April 12, 2021

Guy Lloyd: The ugly truth – the real cost of cyber breaches to SMEs

Cyber security preparedness is more than a nice to have, an SME’s survival can depend on it. Guy Lloyd at CySure explains why.

Small and medium sized enterprises (SMEs) rarely trigger national headlines for breaches in data security and compliance, not because they aren’t a target but because the monetary impact is small compared to the big corporations. However, breaches are all too common and the while the cost of cyber breaches to SMEs, including the impact to business operations, remediation work and resultant fines, may not run into millions, it can do untold damage. SMEs are agile and lean in their business operations, and so unbudgeted costs can severely impact finances.

Such is the concern about the UK economy’s resilience to cyber attacks that the UK Government recently commissioned a study[i] to analyse the cost of cyber breaches. It found that organisations are being hampered from managing and mitigating cyber risks by a lack of transparency, awareness and understanding of the costs. UK businesses tend to overlook indirect and long-term costs when assessing the impact of a cyber breach. This leaves organisations woefully unprepared for the financial impact, which in the most extreme cases, can spell an end to the business. SME’s in particular are most likely to underestimate the costly impact from non-compliance with cyber security breach-related laws and regulations, therefore leaving them unprepared for any potential fines.

Bumper year for cyber crime

The Coronavirus pandemic has provided cyber criminals with a fertile ground to execute scams and reap a bounty of riches. Attacks designed to steal valuable company and customer information have skyrocketed in 2020. Interpol[ii] reported that in a four-month period some 907,000 spam messages, 737 incidents related to malware and 48,000 malicious URLs, all related to COVID-19 were detected. With many of us working/schooling from home, our concentration levels have been tested to the max. When under pressure and distracted it is easy to click on a phishing email or unknowingly visit a scam website. The rush to remote working has opened up opportunities for hackers and any company with lax security measures makes easy pickings.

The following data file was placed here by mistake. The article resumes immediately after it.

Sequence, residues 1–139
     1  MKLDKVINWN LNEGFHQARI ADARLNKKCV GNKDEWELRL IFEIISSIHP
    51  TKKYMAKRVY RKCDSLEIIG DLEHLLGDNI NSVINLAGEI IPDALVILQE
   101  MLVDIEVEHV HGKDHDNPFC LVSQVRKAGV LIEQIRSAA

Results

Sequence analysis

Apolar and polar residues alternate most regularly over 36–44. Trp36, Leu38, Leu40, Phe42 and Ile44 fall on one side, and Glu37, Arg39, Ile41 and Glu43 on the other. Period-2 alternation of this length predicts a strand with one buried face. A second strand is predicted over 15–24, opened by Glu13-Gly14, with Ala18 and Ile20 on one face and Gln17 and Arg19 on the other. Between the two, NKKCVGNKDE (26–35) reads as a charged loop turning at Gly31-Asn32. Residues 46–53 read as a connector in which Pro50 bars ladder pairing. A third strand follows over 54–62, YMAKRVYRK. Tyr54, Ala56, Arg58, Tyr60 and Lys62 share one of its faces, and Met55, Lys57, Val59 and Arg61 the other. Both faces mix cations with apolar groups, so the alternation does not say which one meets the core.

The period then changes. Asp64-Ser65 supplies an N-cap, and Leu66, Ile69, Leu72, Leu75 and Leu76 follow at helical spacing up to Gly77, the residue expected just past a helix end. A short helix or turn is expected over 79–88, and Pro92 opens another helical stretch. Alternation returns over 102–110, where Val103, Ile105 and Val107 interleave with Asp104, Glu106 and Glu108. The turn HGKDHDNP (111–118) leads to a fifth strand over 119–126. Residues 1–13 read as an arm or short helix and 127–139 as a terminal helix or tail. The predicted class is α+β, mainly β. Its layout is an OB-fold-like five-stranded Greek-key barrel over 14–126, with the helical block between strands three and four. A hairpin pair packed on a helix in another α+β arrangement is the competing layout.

Work smarter, not harder

In today’s GDPR world no company can afford to be naïve or negligent about regulatory compliance. Cyber Essentials is the UK Government-backed scheme that aims to help organisations protect themselves against common cyber threats. It offers organisations a way to demonstrate to customers and suppliers a commitment towards cyber security and data protection by achieving an accredited and registered certification standard. It lays the foundation to developing policies and procedures to mitigate against threats that can impact business operations.

Getting started can seem daunting but achieving certification doesn’t have to be. Using an online compliance risk management system that incorporates GDPR and Cyber Essentials Plus is a simple and cost-effective way to achieve certification. SMEs should look for a solution that can guide them through a gap analysis to highlight the business areas to focus on.

Cyber security doesn’t need to be complex, costly or confusing. A low cost, simple set of actions as defined in Cyber Essentials can go a long way to protect against common attacks.

Preparedness in uncertain times

Business confidence comes from understanding the risks involved and the knowledge that should the worse happen it is possible to keep calm and carry on. Being certified with a creditable scheme delivers the assurance that SMEs can demonstrate their commitment and attention to bolstering cyber defences.

Uncertain times can hit when we least expect but the benefit of certification through with help from an information security management system (ISMS) is knowing your business is prepared. Now more than ever we should be celebrating business resilience and preparedness.


[i] Analysis of the full cost of cyber security breaches Report
[ii] Interpol report shows alarming rate of cyberattacks during COVID-19